German State Broadcaster ‘Sorry’ For Slow Reporting On Cologne Sex Assaults


BERLIN (AFP) –  German public broadcaster ZDF has apologised for delays in reporting on a wave of sexual assaults blamed on men of Arab appearance amid accusations Wednesday of media self-censorship of the inflammatory issue.

The rash of attacks and thefts in a New Year’s Eve crowd in the western city of Cologne was only widely covered by national media early this week, after police had initially reported no major incidents.

News editors of ZDF’s flagship “heute” (today) evening news programme apologised on social media for not reporting on the incidents at least in its Monday evening bulletin, four days after the attacks.

“The news situation was clear enough. It was a mistake of the 7pm ‘heute’ show not to at least report the incidents,” wrote deputy chief editor Elmar Thevessen on the show’s Facebook page.

Editors had decided to postpone the news segment to Tuesday, the day Cologne’s city hall and police held a crisis meeting on the attacks, he wrote, admitting this was “a clear misjudgement”.

As the assaults have come to dominate German mainstream media, more women have come forward in Cologne and other cities about being groped and attacked on New Year’s Eve.

The number of criminal complaints in Cologne topped 100 by Wednesday.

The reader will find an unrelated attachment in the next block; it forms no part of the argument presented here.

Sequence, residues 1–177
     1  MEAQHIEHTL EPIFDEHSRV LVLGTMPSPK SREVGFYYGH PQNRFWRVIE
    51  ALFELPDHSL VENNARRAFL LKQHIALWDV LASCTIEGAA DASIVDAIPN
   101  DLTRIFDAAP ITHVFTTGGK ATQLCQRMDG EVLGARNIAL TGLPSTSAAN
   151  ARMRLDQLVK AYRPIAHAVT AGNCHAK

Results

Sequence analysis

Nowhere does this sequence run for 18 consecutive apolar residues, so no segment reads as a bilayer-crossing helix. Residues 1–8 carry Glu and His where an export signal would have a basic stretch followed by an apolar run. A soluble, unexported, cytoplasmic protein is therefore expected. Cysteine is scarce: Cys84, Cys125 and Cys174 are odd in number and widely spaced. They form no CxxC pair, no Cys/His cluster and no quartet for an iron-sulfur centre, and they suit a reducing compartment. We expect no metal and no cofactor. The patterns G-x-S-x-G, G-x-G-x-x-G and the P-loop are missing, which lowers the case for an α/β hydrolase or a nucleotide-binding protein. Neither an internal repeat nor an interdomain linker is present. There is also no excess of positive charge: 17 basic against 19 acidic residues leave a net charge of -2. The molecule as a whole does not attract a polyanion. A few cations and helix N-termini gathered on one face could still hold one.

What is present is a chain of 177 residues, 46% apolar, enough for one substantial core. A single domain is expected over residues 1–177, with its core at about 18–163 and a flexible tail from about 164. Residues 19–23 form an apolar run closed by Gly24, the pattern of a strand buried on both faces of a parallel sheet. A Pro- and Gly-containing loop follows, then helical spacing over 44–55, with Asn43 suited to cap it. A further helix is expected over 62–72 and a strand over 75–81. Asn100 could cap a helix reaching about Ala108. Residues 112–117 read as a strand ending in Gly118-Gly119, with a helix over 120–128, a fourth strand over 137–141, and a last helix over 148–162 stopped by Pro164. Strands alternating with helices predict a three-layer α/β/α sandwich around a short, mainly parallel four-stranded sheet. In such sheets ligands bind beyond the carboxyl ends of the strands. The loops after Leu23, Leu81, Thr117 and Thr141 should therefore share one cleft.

On social media, furious commentators have blamed the attacks on Chancellor Angela Merkel’s government and its welcome to asylum seekers, 1.1 million of whom arrived last year.

The populist Alternative for Germany party seized on the attacks as “the appalling consequences of catastrophic asylum and migration policies”.

A media industry website said that the ugly incidents — and the sluggish official and media response — played into the hands of groups such as the PEGIDA street movement, which claims Germany’s politicians and media are colluding to mislead the public about immigration policy.

“Despite the world’s most expensive public broadcaster, countless social media reactions and online newsrooms … it took four long days before national media comprehensively reported on the incidents,” said a commentary on the Meedia service.

“The initial slowness is now being used in some circles to back their claims about the ‘lying press’.”


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